Rhubarb and Banana Fool

Rhubarb and Banana Fool

One evening recently, I found myself driving home from visiting my Mom with a small harvest of fresh rhubarb from her garden in the passenger seat. Basically as soon as I set foot in my door, I searched for a historic rhubarb recipe that wasn’t Rhubarb Jam, Stewed Rhubarb or Rhubarb Pie (the things I do for fun!). Rhubarb and Banana Fool, from the 1900 cookbook Mrs. Beeton’s Cold Sweets, was the most intriguing to me.

A good description of this recipe in today’s terms would be a low-sugar banana and rhubarb smoothie, with a suggested whipped cream topping. Discovering the Rhubarb and Banana Fool recipe made me wonder: “When did people start eating bananas in North America?”, so I delve into answering that question by having a look at American and Canadian cookbooks and the establishment of the Boston Fruit Company. You’ll also find a bit of bonus info about Cochineal, an insect used as a red dye.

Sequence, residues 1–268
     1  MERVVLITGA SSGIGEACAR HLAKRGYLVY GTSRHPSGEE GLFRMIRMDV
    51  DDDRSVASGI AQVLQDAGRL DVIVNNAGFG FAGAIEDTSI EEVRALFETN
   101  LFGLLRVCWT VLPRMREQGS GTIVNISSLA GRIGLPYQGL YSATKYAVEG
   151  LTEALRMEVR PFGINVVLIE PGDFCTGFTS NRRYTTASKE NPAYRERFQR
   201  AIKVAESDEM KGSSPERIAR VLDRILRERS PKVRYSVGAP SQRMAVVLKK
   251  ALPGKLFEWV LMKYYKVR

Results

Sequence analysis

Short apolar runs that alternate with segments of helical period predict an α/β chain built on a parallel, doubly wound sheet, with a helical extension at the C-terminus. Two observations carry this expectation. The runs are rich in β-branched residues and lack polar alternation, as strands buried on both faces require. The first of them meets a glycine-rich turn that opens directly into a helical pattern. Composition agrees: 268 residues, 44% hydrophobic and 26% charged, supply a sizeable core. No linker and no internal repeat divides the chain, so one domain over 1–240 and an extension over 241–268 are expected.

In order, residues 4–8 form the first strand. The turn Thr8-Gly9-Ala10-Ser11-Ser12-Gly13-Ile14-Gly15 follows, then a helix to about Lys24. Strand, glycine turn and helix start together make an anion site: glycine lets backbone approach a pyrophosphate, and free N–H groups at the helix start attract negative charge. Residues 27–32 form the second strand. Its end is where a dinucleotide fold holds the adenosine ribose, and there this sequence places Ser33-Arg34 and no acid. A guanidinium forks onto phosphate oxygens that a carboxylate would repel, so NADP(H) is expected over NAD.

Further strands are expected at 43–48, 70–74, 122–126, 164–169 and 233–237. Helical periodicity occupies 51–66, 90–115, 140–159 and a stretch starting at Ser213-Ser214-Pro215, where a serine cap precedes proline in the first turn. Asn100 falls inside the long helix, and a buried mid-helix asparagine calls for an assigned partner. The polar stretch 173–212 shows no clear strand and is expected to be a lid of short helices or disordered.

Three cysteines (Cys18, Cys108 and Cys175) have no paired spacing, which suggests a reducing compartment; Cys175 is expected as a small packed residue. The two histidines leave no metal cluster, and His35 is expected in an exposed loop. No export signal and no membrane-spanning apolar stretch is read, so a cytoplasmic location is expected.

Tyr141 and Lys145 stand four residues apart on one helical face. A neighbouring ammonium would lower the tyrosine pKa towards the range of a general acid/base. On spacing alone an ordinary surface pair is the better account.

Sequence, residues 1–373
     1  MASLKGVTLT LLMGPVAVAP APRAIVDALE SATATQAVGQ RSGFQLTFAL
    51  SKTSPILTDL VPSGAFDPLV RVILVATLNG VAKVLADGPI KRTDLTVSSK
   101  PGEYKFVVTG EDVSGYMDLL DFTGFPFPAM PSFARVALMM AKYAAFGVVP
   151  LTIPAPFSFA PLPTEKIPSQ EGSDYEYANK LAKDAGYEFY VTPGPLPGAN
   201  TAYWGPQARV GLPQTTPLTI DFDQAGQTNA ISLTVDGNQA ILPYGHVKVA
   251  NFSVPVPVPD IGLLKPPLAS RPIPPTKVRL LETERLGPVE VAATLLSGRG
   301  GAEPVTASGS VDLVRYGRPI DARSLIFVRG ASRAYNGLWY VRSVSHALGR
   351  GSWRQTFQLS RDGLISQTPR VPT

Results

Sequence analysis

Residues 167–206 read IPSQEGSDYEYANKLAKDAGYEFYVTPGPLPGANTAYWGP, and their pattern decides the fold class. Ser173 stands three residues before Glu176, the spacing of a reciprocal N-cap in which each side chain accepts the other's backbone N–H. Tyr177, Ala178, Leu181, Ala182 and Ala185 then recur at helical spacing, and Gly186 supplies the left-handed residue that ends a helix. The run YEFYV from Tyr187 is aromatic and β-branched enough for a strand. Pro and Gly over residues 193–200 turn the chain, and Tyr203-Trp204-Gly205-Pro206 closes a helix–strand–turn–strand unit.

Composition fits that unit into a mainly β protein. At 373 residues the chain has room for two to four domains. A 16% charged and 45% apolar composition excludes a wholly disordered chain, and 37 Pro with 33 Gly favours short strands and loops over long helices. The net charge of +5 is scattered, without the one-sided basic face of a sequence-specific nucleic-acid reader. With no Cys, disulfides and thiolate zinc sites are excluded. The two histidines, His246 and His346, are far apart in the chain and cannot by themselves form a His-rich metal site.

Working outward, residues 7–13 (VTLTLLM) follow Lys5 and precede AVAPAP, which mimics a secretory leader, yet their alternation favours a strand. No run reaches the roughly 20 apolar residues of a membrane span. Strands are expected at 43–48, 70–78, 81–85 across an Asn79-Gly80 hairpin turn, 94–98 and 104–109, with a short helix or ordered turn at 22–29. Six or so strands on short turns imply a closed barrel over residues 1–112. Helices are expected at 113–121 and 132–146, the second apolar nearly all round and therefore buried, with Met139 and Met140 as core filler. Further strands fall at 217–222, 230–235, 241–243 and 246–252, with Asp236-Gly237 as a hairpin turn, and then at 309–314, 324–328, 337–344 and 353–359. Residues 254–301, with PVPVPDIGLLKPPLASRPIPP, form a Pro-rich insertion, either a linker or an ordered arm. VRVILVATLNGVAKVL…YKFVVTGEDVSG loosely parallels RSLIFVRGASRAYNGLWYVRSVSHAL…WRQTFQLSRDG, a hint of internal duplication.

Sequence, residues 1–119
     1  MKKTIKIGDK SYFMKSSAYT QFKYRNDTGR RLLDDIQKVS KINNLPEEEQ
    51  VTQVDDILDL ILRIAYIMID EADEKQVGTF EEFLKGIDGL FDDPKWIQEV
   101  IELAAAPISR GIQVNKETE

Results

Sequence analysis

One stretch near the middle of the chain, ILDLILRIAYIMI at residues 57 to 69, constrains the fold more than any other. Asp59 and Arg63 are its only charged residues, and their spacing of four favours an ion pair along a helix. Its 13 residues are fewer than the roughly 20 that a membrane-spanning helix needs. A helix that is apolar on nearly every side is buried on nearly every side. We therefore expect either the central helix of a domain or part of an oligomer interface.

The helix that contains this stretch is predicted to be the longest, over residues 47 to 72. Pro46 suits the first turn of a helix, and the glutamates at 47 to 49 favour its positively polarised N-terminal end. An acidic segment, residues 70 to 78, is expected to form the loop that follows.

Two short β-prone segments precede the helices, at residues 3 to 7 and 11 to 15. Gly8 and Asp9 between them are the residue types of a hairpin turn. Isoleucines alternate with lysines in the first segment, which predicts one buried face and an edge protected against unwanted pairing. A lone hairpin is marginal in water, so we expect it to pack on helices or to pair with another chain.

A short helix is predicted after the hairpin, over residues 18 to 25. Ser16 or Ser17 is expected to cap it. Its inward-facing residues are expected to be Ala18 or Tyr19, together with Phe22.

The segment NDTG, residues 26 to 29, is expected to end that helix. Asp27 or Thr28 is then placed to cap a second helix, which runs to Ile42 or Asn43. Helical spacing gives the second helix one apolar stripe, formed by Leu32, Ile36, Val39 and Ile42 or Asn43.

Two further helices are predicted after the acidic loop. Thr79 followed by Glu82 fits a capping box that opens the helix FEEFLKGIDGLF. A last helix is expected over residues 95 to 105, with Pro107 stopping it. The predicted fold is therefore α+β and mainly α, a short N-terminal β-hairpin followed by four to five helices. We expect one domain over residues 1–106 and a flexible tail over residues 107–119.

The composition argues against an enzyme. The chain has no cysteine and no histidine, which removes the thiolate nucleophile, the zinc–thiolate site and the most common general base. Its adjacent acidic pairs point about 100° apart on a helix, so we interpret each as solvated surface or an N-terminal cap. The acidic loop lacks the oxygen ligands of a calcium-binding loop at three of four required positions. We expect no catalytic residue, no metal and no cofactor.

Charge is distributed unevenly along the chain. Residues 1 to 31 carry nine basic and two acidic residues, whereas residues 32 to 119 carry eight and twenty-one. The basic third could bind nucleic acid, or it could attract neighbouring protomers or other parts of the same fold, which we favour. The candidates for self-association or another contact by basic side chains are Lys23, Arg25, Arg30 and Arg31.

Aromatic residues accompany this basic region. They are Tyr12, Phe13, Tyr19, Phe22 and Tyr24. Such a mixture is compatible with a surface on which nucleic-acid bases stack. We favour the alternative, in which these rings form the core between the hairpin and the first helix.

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Chicken Terrapin

Chicken Terrapin

Chicken Terrapin, from the 1903 Good Housekeeping Everyday Cook Book, is a creamy and decadent casserole dish, perfect for using up leftover chicken. After selecting this recipe, my research began with the question "Why is this dish called Chicken TERRAPIN?" and quickly descended down a rabbit hole. Literally. Before beginning to piece together what I learned about Terrapin recipes, I had pulled my childhood copy of Alice in Wonderland off my bookshelf!

The chicken meat in this recipe is meant to take the place of Terrapin Turtle meat and I'll be delving into how one prepares Terrapin meat, the popularity of Turtle recipes, specialized Turtle Soup Tureens and the replacement of dishes featuring turtle meat with Mock Turtle recipes. I'll also explain the appearance of the Mock Turtle character in Alice in Wonderland, and why he is so melancholy in the story.

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